Blood Brain Barrier Compromise with Endothelial Inflammation may Lead to Autoimmune Loss of Myelin during Multiple Sclerosis(clickable)
Blood Brain Barrier Compromise with Endothelial Inflammation may Lead to Autoimmune Loss of Myelin during Multiple Sclerosis
Multiple sclerosis is an autoimmune disease characterized by multifocal areas of inflammation and demyelination within the central nervous system. The mechanism that triggers the disease remains elusive. However, recent findings may indicate that multiple sclerosis, at its source, could be a hemodynamic disorder. It has been found that multiple sclerosis patients exhibit significant stenoses in extracranial veins draining the central nervous system (in azygous and internal jugular veins), which are associated with significant pressure gradients measured across strictures. Such anatomic venous abnormalities were not found in the control group of healthy subjects. In this review, it is hypothesized that pathological refluxing venous flow in the cerebral and spinal veins increases the expression of adhesion molecules, particularly intercellular adhesion molecule-1 (ICAM-1), by the cerebrovascular endothelium. This, in turn, could lead to the increased permeability of the blood-brain barrier. Inflamed and activated endothelium could secrete proinflammatory cytokines, including GM-CSF and TGF-beta? In these settings, monocytes could transform into antigen-presenting cells and initiate an autoimmune attack against myelin-containing cells. Consequently, a potential therapeutic option for multiple sclerosis could be pharmacotherapy with either substances that strengthen the tight-junctions barrier, or with agents that reduce the expression of adhesion molecules. In addition, surgical correction could be an option in some anatomical variants of pathologic venous outflow. We are optimistic that a hemodynamic approach to the multiple sclerosis pathogenesis can open a new chapter of investigations and treatment of this debilitating neurologic disease.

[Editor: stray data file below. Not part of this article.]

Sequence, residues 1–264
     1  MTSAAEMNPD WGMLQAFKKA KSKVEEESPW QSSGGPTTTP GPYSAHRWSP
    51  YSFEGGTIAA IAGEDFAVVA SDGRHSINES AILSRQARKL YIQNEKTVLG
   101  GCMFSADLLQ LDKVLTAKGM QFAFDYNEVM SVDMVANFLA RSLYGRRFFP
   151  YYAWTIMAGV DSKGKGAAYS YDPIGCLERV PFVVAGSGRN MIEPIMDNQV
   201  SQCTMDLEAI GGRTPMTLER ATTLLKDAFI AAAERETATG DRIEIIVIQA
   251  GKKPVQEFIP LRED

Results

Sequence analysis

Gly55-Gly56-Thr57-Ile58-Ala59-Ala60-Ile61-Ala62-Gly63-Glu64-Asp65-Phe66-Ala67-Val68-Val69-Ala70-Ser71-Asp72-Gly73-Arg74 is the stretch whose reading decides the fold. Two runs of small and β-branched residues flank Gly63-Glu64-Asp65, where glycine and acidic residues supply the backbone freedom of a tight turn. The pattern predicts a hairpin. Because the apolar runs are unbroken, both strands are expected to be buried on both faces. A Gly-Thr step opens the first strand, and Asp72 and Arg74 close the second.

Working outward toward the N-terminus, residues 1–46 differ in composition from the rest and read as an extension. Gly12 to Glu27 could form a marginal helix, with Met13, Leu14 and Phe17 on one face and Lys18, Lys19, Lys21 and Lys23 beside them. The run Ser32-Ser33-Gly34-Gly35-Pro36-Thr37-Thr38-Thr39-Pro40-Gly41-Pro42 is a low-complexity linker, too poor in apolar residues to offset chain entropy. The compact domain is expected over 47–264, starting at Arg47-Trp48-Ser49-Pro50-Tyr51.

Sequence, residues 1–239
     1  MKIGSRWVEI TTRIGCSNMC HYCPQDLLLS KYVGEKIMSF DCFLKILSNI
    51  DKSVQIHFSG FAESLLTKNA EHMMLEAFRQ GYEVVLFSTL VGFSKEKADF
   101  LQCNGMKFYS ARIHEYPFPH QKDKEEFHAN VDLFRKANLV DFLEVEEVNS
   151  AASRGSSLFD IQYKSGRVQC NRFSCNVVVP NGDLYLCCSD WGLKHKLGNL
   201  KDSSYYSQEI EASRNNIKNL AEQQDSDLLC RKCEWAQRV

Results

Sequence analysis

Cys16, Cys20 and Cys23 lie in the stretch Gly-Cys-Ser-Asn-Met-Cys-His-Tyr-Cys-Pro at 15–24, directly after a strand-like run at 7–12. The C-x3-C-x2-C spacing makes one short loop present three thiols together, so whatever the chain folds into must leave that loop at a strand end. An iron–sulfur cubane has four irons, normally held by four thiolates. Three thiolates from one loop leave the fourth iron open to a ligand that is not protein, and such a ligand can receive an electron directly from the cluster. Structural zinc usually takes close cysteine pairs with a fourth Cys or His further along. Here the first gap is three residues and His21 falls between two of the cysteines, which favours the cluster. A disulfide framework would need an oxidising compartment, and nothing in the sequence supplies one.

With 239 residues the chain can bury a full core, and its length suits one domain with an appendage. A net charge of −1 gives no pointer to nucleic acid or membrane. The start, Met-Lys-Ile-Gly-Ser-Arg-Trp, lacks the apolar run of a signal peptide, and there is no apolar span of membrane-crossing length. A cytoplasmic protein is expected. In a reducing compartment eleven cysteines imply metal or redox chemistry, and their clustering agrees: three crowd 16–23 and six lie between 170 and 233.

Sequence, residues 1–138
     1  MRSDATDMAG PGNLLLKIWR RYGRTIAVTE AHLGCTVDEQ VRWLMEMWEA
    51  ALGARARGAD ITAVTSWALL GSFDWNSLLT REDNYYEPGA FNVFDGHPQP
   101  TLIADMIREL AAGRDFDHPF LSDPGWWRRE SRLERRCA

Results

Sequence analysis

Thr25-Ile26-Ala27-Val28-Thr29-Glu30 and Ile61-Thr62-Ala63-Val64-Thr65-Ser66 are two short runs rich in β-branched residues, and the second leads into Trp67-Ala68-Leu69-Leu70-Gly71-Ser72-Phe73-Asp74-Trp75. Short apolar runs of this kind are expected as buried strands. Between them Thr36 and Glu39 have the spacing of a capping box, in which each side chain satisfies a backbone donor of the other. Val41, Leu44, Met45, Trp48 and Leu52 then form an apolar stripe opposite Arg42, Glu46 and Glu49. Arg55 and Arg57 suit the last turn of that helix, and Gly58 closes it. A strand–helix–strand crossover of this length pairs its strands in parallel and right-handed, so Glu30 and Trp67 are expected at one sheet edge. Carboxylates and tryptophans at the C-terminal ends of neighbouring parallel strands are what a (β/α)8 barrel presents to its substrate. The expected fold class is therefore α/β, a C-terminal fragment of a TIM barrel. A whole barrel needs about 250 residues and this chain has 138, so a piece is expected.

Dr Simka's research is going forward; this paper was written before they did the doppler study and found the vascular problems in all of their patients. The team is now working through the hospital ethics committee to see about actual venograms to assess the source of the reflux. I am not sure, but I believe they intend to treat people at some point as well.
Dr Simka's review is very important in that it supports the work out of Ferrara. He is saying I have reviewed the literature and I agree this might be an issue while adding an additional element of how it may be possible for this pathology to tie in to autoimmunity rather than JUST being a mechanical thing. If such a case turned out to be true, treatment would possibly be both stents and immune suppression if the autoimmune element of this was self perpetuating once the CCSVI was treated.
That having been said we have no evidence that in absence of CCSVI a person would have on going autoimmunity: no one has researched that at this point!! more work needs to be done.
My personal belief is that there will not be shown to be an autoimmune element to worry about; that if the venous reflux is stopped all of these things, looking at Dr Simkas work above, the ICAM1, the adhesion etc would stop and it would be a moot point.
But importantly this is a peer coming out and saying this is plausible, put me down as supporting this as well. We need all of these we can get....